There’s a rumour circulating in Kelso that Santa Claus is coming to town on Sunday. He’s making a list, he’s checking it twice, he’s going to find out who’s naughty or nice.
When the lyrics to that perennial Christmas favourite were recorded for the first time in 1934, they were an instant hit – selling 30,000 records and 500,000 copies of sheet music in 24 hours. Sheet music! Try explaining that to the Spotify generation.
Nevertheless we really are anticipating that Santa will appear in Kelso this weekend. His elves have been spotted scouting the streets and it seems that clues to his whereabouts are being dropped around the town. It’s been reported that a mysterious map has appeared on the Kelso Racecourse Facebook page; a map which might just indicate the starting point of some sort of treasure hunt – the sort of thing that a family could do together while taking some exercise and getting a healthy dose of fresh air while remaining at a safe distance from other households.
I’ve had visions of elves wrapping presents in the racecourse office and, weird though it is to have such waking dreams, I feel pretty certain that gifts will be distributed to children too, but only if they’ve been well behaved. Obviously.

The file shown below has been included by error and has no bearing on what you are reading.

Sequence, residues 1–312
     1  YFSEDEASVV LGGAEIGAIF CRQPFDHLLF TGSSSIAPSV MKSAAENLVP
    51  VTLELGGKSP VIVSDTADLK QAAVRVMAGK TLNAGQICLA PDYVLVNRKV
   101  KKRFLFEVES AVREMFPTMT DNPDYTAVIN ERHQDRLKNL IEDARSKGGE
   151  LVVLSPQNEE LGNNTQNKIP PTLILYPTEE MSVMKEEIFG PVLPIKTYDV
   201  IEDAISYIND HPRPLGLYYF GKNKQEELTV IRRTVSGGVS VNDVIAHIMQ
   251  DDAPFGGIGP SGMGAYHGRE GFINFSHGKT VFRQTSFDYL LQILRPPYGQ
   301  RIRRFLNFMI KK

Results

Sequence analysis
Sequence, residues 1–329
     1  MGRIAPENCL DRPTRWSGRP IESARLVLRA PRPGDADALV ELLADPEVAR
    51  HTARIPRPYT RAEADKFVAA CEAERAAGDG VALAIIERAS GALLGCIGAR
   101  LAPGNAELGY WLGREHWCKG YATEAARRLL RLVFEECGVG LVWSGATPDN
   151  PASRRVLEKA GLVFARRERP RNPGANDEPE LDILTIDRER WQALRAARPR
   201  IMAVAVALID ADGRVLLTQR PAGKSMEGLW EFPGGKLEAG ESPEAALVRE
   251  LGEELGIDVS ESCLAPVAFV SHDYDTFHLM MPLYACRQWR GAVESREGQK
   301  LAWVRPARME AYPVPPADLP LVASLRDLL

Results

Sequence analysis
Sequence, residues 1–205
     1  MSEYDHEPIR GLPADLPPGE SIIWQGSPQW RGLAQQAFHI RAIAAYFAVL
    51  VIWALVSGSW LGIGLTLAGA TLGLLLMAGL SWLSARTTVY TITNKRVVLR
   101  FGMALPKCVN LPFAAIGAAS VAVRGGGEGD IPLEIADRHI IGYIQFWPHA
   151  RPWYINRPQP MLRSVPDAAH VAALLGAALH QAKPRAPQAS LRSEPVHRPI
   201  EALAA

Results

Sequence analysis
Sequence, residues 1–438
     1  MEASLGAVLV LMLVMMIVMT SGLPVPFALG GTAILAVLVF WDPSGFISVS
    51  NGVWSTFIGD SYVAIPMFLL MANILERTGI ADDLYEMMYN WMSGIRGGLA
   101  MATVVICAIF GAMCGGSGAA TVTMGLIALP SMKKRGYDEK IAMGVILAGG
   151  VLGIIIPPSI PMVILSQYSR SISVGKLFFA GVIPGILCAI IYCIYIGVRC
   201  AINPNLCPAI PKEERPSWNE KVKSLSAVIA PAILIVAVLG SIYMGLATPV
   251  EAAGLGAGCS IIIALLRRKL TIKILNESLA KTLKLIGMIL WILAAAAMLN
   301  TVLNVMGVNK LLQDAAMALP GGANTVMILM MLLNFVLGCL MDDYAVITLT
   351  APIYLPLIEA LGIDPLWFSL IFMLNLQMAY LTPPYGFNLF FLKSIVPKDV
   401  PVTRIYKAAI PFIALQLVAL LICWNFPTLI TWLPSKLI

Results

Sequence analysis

There is an absurd myth that Santa visits every nation on the planet between Christmas Eve and Christmas Day. Needless to say he doesn’t cover the whole World on the same day. In fact he doesn’t even do the whole job himself. While Sinterklass (surely the main man himself) starts delivering presents in the Netherlands on 6th December, it isn’t until 5th January that Befana (an old lady riding a broomstick) flies down the chimney to leave sweet treats for the children of Italy. In Iran Papa Nowruz will bring gifts for Iranian children, while his sidekick Haji Firuz plays the tambourine and demands to be given presents for himself.
While it is said that Santa occasionally leaves lumps of coal for naughty children, the children of Germany are so bad that Santa delegates the naughty list in its entirety to Krampus (a half goat, half demon, hairy creature) who punishes them by leaving coal or pieces of potato.
There are only a few more sleeps until the big night, which brings us to the name of this week’s selection: Not So Sleepy. He was tipped in this space only three weeks ago and on that occasion he nearly refused at the first hurdle, causing chaos at Newcastle. But while he has clearly been a very naughty pony indeed, he is sure to want to redeem himself at Ascot on Saturday. Priced at 20/1, he should be about 10/1 to negotiate the first obstacle and then even money if he gets over it.
If you’re feeling Not So Sleepy, have a small stake and sing along as they go down to start. Altogether now: He knows when you are sleeping, he knows when you’re awake. He knows if you’ve been good or bad, so be good for goodness sake…